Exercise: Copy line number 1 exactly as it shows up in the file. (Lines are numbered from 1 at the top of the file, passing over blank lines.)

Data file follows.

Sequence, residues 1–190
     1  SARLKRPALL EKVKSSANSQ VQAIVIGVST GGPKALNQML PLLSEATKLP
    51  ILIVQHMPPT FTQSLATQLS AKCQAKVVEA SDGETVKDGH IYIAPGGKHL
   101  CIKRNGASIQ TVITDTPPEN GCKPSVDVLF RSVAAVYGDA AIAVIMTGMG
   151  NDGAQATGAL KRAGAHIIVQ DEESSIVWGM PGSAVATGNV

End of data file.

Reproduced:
Sequence, residues 1–190